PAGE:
“Back to the limo to take care of a fan of yours.  I gotta hand it to you, Gordo, you continue to amaze me!”

Charlie strode back to the limo.  The driver drove it in reverse to meet her.  The rear door was still open.

Charlie stuck her head into the rear compartment.  “Thanks for saving me the walk!  I just need to get some things for Mrs. Murphy.”  Charlie opened her satchel, pulled out a picture of Gordon and a black marker.  “Can you believe this 83 year old lady is still a fan of Gordon’s?”

She looked at the driver through the opened partition.  He turned toward her, saw she was pulling out a picture, smiled broadly.

“Actually, ma’am, I know I’m not supposed to do this, but since you got ‘em, could I get one of those for my mama?  She’d be delighted to have one -- and she would kill me if I told her who I drove today and didn’t come back with something for her -- so I know exactly what you mean.  I can believe that little old lady is a fan.”

“Hey, no problem. I’m the one with the problem.”  Charlie shook her head.  She pulled out another photo, leaned over to the partition, handed the picture to the driver.  “Now make sure you remind me to have Gordon sign it.”

“Oh you, bet, Ms. Fender.  I certainly won’t forget to do that.  Now why don’t you just sit down and I’ll back you up to the other car.”

“That’s a deal.  Thank you.”

Charlie jumped into the rear seat and pulled the door to.  The driver backed the limo right in front of Mrs. Murphy’s ‘53 Mercury.  Charlie stepped from the limo with the picture and marker.  She saw Gordon step from the open hood.  The engine roared to life.  Satisfaction filled his face.  Charlie walked up to him.

“An emery board and a matchbook.”   She stepped passed him to the driver’s window.

“Yup!” Gordon stepped to the window with Charlie.  “Now, Mrs. Murphy, your points in your distributor are badly worn.  I filed them down and re-set the gap.  But you have to get a tune-up very soon.  Do you think you can do that?”

“Why yes, young man, I certainly can do that.  How can I ever thank you?”

“Oh, Mrs. Murphy, it was just my pleasure.  You remind me of my mother.  I just wanted to help.  Now you can take care of this tune-up now, can’t you.  I mean,” Gordon looked quickly at Charlie.  “You’re okay financially.  You can afford this?”

Mrs. Murphy blushed.  “You’re so sweet to ask.  Yes, I’m well pensioned.  It was just something I had overlooked.  But I’ll do it right away.”

“Please do, Mrs. Murphy, because I’m leaving town very soon and won’t be able to help you again.”  Gordon reached to touch her shoulder through the car window, refrained.  His hands were covered in engine dirt.  He pulled a handkerchief from his pocket, placed it in his palm, gestured for Mrs. Murphy’s hand.  She gave it to him.  Gordon grasped it gently, pressed his lips to it tenderly.  Mrs. Murphy sighed.

“It was a pleasure meeting you, Mrs. Murphy.  Now you be a good girl from now on.” Gordon turned to walk back to the limo.

“Hey, not so fast, movie star.”  Charlie handed Gordon the picture and the marker.  He signed it on the closed hood of the car.  “Who do I make to?”

Mrs. Murphy pulled at Charlie’s sleeve.  “What did he ask?  I can’t really hear with all the cars going by.”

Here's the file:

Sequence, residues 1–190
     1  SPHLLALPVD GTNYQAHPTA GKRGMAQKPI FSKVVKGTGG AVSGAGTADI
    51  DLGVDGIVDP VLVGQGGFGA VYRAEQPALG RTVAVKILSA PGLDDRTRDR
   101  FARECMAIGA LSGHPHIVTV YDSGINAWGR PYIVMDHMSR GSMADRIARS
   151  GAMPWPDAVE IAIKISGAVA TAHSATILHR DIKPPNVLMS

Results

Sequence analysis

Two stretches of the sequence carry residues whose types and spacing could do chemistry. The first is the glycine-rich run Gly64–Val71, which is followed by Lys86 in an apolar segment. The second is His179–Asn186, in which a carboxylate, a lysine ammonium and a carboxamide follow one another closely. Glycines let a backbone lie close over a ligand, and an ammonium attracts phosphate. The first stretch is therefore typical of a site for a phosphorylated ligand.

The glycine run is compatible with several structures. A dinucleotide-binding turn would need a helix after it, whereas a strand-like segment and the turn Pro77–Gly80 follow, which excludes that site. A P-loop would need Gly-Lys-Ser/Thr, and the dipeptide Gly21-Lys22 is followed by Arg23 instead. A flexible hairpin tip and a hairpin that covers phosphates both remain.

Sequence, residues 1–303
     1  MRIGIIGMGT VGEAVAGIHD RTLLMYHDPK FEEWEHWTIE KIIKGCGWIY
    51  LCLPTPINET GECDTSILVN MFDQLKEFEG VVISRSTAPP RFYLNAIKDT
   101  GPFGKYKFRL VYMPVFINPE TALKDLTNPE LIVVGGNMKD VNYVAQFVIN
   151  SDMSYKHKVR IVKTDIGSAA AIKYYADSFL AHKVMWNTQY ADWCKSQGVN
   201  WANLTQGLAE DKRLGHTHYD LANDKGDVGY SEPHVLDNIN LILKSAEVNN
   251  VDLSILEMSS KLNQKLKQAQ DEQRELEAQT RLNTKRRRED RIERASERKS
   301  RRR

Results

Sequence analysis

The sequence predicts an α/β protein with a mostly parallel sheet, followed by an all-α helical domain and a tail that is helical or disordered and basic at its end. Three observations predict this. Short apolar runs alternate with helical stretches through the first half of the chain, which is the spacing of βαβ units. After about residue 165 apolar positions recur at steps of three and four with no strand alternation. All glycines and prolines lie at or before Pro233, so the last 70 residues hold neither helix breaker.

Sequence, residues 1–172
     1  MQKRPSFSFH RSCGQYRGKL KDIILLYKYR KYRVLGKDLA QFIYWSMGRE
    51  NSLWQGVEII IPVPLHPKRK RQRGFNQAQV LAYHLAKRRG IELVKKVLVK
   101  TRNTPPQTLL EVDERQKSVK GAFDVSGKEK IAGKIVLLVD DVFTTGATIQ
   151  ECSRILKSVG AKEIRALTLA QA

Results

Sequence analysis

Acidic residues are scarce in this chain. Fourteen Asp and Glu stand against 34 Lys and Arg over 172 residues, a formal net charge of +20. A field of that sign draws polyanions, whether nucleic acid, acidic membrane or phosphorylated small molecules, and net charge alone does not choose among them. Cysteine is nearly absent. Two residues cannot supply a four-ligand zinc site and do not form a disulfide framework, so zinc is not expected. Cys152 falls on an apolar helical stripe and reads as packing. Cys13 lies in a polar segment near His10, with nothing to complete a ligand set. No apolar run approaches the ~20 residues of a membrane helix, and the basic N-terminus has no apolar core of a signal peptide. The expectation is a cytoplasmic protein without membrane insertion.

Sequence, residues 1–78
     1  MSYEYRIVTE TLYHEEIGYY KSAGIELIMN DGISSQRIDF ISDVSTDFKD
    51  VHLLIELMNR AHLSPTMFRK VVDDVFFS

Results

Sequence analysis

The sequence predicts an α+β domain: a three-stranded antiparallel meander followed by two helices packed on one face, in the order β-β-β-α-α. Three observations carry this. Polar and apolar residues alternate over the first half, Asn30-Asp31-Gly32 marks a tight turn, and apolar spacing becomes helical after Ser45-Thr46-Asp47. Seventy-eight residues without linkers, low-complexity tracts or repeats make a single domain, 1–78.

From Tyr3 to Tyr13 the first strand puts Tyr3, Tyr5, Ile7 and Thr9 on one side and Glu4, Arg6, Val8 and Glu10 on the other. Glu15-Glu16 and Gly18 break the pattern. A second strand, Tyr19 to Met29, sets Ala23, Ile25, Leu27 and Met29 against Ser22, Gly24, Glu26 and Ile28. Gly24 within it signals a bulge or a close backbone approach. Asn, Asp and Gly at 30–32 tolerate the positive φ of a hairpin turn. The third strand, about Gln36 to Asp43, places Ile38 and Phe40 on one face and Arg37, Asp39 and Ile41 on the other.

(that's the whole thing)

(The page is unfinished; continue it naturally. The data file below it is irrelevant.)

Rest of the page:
“Oh, he asked to whom he should make it.”

“Tell him to make it to AnnaBelle.  My name is AnnaBelle Murphy.”

“Write it to AnnaBelle, Gordon.”

“Right -oh!”  He finished with a flourish, handed the photo to Charlie.

“I’m going to try and clean up in the limo.”  Gordon waved bye to Mrs. Murphy, stepped to the limo, climbed in.

Charlie handed the photo to Mrs. Murphy.  “Now you be safe, Mrs. Murphy.  And you be sure to see Gordon’s new movie.  It’ll be out in a couple of weeks.”

“Why thank you so much,” Mrs. Murphy carefully took the photo, looked at the signature, turned it over.  Smudged finger prints.  “Look, I even have his finger prints.  Oh, what a glorious day this turned out to be.  My bridge sisters will never believe this.  Thank you so much, young lady. I haven’t been to the picture show in years, but you can bet I’ll go see our Gordon.”

Charlie smiled, turned to leave.  She felt another tug on her sleeve.  Charlie leaned back to Mrs. Murphy.  “Now you take care of our Gordon.  He’s a sweet man.”

“Thank you, Mrs. Murphy.  I will look after him -- and we learn something new everyday, don’t we.”

“Come on, Charlie!”  Gordon shouted from the limo.  “We’re on a schedule!  We’ve got a plane to catch!  Let’s get moving.”

Charlie looked up, shook her head, stepped to the rear driver’s side of the limo.  We’ve got plenty more planes to catch.  She slipped into the seat, closed the door.  Plenty more planes to catch.

This concludes your eight chapter preview of “Glitzbiz.”


For the complete story, buy “Glitzbiz” by Bill McGowan,

available in e-book or print formats

For e-book, go to:, or

For printed book:


At either site, search Glitzbiz, place your order.




Here’s what other readers are saying about “Glitzbiz” by Bill McGowan:


“…a real page turner. I didn't want to put it down. The story is intriguing and makes you want more. Great twists and a few surprises. It would be fun to have a series of "Charlie" books.

Julie Gilmore, Vancouver, Washington

“If you are looking for a fun, entertaining read add this to your list. It takes you on a ride that makes it hard to put the book down. It grabs you visually in a way that creates a movie in your head while you’re reading it. When is the next book coming out? I want to know what happens to Charlie next!”

Wayde Faust, Los Angeles, California